• Aleksandr Mil’shtein’s Параллельная акция (A Parallel Action). A “novel-palimpsest,” according to this review.
  • Elena Minkina-Taicher’s Эффект Ребиндера (The Rehbinder Effect). Evidently a family saga. The effect in the title is described, stubbily, on Wikipedia here.
  • Aleksei Nikitin’s Victory Park (excerpt). I bought this novel in Moscow and am looking forward to reading it: it’s set in Kiev’s Victory Park area in the late 1980s. Short listed for the 2014 Russian Prize, novel category.
  • Maksim Osipov’s Волною морскою (With/On a Sea Wave, a watery wave, not a wave of the hand.). Eight medium-length (hi)stories set in various places. One is titled “Cape Cod.”
  • Vladimir Rafeenko’s Демон Декарта (Descartes’s Demon). About a man who’s reborn multiple times, wandering the world and wanting to choose one life/fate for himself.  
  • Vladimir Sorokin’s Теллурия (Tellurium). On my NatsBest long list post, I wrote: A polyphonic novel in 50 highly varying chapters. Also shortlisted for this year’s National Bestseller and Big Book awards.
  • Tatyana Tolstaya’s Легкие миры (Light Worlds? In which light has the meaning of not heavy…) Short stories; the title story won the Belkin Award. I bought the book after hearing Tolstaya speak at the Moscow International Book Fair in early September.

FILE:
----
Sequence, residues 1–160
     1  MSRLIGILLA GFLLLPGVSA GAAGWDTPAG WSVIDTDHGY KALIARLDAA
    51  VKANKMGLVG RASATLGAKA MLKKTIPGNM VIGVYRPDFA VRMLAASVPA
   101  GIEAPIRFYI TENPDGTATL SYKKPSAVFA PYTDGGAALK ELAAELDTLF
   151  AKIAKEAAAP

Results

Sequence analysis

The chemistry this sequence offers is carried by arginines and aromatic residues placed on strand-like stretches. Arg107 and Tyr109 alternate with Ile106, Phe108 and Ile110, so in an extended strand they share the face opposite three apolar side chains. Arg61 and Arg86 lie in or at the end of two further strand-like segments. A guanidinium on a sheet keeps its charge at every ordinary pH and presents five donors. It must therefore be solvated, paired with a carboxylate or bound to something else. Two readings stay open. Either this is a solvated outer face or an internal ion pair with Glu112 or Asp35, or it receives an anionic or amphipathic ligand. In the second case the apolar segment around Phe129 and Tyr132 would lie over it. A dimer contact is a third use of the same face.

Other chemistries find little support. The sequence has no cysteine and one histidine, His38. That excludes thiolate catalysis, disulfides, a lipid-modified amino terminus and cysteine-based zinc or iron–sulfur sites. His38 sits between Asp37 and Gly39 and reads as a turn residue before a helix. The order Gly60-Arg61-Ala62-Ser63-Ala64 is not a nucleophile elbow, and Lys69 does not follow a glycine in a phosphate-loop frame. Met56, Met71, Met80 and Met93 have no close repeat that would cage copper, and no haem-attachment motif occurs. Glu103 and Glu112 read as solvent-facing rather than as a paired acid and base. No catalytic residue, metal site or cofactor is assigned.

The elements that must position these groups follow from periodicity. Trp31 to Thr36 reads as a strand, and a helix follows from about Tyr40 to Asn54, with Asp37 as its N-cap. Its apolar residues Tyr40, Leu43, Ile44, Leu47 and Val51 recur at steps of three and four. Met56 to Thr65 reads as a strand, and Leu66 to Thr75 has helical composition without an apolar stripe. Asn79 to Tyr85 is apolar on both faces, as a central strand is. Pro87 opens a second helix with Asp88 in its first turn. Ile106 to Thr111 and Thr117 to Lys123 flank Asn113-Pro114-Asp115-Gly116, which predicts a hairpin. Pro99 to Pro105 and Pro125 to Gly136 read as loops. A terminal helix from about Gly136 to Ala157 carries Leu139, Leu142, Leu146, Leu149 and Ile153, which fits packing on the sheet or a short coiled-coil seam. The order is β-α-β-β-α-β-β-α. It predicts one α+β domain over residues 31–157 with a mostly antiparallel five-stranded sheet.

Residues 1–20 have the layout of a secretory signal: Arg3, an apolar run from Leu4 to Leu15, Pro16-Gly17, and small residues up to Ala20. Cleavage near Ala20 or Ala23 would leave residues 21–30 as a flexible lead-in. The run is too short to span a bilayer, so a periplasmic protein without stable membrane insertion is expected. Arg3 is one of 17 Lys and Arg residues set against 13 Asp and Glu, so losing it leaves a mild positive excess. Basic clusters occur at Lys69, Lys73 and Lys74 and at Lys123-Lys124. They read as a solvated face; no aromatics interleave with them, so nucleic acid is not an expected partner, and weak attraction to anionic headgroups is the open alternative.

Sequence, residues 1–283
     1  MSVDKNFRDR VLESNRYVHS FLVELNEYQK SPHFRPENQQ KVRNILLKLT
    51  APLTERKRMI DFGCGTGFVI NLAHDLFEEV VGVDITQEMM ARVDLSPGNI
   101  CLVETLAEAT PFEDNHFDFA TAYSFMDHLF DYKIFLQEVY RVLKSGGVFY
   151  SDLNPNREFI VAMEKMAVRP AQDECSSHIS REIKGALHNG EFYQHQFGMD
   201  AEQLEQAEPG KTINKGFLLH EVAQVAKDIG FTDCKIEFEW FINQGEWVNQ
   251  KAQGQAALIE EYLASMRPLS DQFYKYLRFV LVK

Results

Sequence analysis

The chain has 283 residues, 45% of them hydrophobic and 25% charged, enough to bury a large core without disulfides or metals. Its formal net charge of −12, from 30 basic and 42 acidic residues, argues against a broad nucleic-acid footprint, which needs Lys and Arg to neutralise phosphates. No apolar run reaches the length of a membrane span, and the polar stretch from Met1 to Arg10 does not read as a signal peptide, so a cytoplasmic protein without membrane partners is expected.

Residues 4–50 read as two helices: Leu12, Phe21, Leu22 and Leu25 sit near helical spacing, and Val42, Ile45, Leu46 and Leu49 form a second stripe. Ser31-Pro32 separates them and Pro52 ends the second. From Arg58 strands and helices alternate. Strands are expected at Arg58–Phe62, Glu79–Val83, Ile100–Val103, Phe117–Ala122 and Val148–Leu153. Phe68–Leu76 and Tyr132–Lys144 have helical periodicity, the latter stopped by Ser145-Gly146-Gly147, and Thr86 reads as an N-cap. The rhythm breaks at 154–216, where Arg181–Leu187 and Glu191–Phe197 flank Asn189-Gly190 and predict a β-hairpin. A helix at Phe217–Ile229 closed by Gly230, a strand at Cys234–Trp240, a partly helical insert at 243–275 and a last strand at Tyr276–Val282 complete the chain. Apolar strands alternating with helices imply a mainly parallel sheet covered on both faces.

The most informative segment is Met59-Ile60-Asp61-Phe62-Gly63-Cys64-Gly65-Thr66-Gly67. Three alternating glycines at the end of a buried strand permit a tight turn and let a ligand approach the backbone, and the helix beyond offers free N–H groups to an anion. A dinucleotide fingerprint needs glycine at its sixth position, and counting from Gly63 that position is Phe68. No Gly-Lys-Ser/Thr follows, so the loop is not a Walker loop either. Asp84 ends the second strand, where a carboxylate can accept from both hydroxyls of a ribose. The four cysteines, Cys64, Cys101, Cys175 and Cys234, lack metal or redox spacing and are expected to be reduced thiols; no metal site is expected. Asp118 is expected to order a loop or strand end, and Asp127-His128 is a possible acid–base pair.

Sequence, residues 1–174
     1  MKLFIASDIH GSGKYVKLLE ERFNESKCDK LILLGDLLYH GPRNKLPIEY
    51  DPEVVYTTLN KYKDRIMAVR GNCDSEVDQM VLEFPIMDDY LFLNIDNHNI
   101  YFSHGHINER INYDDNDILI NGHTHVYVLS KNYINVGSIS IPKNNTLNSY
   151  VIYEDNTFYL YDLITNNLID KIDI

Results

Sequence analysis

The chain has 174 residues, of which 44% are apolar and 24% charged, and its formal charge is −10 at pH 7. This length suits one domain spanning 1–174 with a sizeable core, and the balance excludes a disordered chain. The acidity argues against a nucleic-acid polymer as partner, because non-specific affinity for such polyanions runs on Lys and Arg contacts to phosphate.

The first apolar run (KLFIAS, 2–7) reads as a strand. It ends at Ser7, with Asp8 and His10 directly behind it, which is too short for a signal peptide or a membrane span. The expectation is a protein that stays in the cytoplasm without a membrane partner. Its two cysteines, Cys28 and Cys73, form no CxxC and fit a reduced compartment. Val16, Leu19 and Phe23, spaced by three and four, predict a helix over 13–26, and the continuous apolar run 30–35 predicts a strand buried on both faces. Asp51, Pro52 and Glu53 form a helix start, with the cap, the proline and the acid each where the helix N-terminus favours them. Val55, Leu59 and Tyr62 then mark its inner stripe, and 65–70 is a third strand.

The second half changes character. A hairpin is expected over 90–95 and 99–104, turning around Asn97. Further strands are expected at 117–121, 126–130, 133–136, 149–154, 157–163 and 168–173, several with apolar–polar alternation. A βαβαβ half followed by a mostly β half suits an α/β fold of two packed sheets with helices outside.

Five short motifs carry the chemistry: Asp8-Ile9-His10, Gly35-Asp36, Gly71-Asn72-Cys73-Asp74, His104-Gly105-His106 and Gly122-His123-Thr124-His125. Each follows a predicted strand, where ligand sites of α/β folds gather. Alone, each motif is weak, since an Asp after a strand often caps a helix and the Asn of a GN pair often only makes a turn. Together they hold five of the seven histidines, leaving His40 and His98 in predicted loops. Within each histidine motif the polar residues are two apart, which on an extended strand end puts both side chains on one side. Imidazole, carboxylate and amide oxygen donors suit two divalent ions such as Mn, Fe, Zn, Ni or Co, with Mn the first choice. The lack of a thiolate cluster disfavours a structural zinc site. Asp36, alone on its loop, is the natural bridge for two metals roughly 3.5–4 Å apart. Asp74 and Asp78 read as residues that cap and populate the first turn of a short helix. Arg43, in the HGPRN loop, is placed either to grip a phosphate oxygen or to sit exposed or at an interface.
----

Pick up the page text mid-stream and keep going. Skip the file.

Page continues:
• Tatyana Freidensson’s Дети Третьего рейха (Children of the Third Reich). Nonfiction written by a journalist.
  • Aleksei Tsvetkov’s Король утопленников (King of the Drowned). Prose texts arranged by size… the first takes up less than a half a page, the last is around 80 pages long. NB: This book was not written by the poet named Aleksei Tsvetkov. This book currently leads NOS(E) reader voting.
  • Vladimir Sharov’s Возвращение в Египет (Return to Egypt). In which one Kolya Gogol (a distant relative of familiar, beloved old Nikolai Gogol) finishes writing Dead Souls. An epistolary novel. Finalist for the 2014 National Bestseller and Big Book awards.
  • Oleg Yur’ev’s Диптих «Неизвестное письмо…» (Diptych. “An Unknown Letter…”) The letter is to Fyodor Dostoevsky, from one Ivan Pryzhov.

Disclaimers: The usual.

Up Next: Moscow trip report. Then books: Evgeny Vodolazkin’s first novel, Solovyov and Larionov, and Marina Stepnova’s latest book, named for Moscow’s Bezbozhnyi Lane.

Sunday, September 28, 2014

Chizhov’s Translation

I enjoyed Evgenii Chizhov’s Перевод с подстрочника (literally: Translation from a Literal Translation) so much that I’m not quite sure how to write about it… I seem to have a particular problem writing about books I like this much, with especially particular problems when the books are as nicely composed as this one. At least I’m not alone: Leonid Yuzefovich’s summary of Translation notes that most reviews just don’t seem to capture what Translation is about…there’s just too much there and you just have to read the book. My favorite thread to pull in Translation involves Chizhov’s examination of identity: that thread intertwines with subthreads looking at doubles and various literal and metaphorical types of translation. I seem to read suitcaseloads of books about identity but Translation feels deeper—or perhaps more mysterious or lovely or down-to-earth in its metaphysicalness?—than most of my other reading.